Gunman Omar Mateen on social media. Photo: MySpace Gunman Omar Mateen on social media. Photo: MySpace

We cannot let the massacre in Orlando be used to stoke up homophobia and Islamophobia, argues Lindsey German

The horrific events in Orlando have been met with a good response by many on the left, who have wholeheartedly condemned this as a homophobic attack and showed solidarity with the LGBT community. This includes Muslims who want to make very clear their revulsion at such attacks.

There has been a rather different attitude in some of the media, most notoriously on Sky News where Owen Jones walked out after a lengthy discussion where the presenter (and Jones’ fellow guest) repeatedly tried to downplay the homophobic nature of the attack. Various print media also downplayed or ignored this element.

Why would this be the case? Partly, of course, it is to downplay the very real level of homophobia which exists in society. Despite the very great advances which have been made in many countries in my lifetime (when for the first 16 years of my life all sexual acts between men were illegal), this still exists everywhere. It is sometimes connected to right wing political or religious beliefs, but extends far beyond that, and has to be opposed and confronted everywhere.

Partly, though, it is because there are those with a political agenda who want to foreground their view that Muslims are to blame for many of the ills of the world, and anything that complicates this view is conveniently passed over. Here we have a man who launched a murderous homophobic attack, who according to the Guardian was inspired by (rather than directed by) ISIS, and who according to his ex-wife was both mentally ill and physically violent.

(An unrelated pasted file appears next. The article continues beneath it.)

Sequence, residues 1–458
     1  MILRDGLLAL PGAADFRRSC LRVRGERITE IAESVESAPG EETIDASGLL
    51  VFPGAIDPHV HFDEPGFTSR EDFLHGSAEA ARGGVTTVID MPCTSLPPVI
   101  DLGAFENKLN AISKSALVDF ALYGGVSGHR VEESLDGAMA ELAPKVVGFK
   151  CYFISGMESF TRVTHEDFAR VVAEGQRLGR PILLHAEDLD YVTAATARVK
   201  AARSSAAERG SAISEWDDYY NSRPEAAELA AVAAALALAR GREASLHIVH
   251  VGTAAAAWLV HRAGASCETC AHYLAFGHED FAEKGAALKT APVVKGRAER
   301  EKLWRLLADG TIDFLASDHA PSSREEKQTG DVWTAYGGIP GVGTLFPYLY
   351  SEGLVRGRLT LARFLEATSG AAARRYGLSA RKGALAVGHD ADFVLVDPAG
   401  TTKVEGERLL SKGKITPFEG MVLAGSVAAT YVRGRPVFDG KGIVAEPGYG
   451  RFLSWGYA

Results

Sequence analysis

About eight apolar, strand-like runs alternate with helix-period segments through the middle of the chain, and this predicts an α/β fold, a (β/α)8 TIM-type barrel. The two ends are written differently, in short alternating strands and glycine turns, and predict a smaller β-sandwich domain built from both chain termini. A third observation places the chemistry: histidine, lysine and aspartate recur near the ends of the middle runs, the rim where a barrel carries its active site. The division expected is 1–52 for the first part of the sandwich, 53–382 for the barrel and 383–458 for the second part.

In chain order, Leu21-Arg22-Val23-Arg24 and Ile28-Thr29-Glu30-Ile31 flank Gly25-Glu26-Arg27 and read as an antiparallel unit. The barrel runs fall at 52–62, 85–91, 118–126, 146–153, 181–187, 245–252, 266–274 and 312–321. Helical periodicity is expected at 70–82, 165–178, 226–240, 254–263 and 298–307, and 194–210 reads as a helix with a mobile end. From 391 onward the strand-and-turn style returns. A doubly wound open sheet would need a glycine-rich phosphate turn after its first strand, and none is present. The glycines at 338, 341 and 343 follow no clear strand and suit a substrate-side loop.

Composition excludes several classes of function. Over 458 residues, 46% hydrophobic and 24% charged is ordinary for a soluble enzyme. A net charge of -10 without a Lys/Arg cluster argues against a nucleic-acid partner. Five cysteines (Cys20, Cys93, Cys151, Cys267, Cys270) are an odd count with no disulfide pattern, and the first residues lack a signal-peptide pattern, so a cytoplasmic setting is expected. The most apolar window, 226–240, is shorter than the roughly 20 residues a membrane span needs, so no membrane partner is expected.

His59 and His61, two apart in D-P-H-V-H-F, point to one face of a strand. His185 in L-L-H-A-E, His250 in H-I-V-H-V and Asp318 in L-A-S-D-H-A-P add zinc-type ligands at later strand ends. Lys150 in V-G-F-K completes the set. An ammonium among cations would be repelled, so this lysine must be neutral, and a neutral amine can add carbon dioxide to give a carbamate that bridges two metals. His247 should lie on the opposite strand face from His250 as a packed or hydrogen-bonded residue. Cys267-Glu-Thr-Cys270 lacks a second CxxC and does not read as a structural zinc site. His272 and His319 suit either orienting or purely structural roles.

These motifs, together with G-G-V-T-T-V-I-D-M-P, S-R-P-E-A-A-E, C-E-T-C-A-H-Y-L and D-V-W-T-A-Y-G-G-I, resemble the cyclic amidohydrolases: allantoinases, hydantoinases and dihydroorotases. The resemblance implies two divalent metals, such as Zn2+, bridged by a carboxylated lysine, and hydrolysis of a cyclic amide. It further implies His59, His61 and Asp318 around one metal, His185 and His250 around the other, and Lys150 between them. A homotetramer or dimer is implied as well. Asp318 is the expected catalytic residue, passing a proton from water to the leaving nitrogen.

So this was a terrorist attack – of the sort we have seen for example in Paris – but it was also a homophobic attack. This is important because it suggests a particular target from someone who clearly had right wing views on a range of subjects. It also suggests he wasn’t just targetting ‘people enjoying themselves’, as has been said, but people of a specific and open sexuality enjoying themselves. Tragically this view is not just confined to terrorists, or to Islamic terrorists, but reflects this wider homophobia in society.

We live in very volatile and dangerous times. We know that terrorism exists – a product of the wars in which our governments have been so implicated – and that it has grown. The fact that this attack was from an individual not directly connected with ISIS but acting in their name (unlike those in Paris) should make us more worried, not less.

We know that racism is growing. Muslims are blamed for many of the problems in the world, denounced as terrorists and extremists, and far right parties are growing on the basis of scapegoating refugees and migrants. We know that the EU referendum debate in this country is seeing the most appalling racism, not just from Nigel Farage with his prediction of more sexual assaults if we stay in the EU, but now from Gordon Brown targetting Albanians (a majority Muslim country).

The racists and the right will use this attack to further ramp up their Islamophobia. Everyone who supports the right of the oppressed to equality should oppose them. We have a common interest in fighting oppression wherever it exists – and the system which creates and perpetuates it. 

Lindsey German

As national convenor of the Stop the War Coalition, Lindsey was a key organiser of the largest demonstration, and one of the largest mass movements, in British history.

Her books include ‘Material Girls: Women, Men and Work’, ‘Sex, Class and Socialism’, ‘A People’s History of London’ (with John Rees) and ‘How a Century of War Changed the Lives of Women’.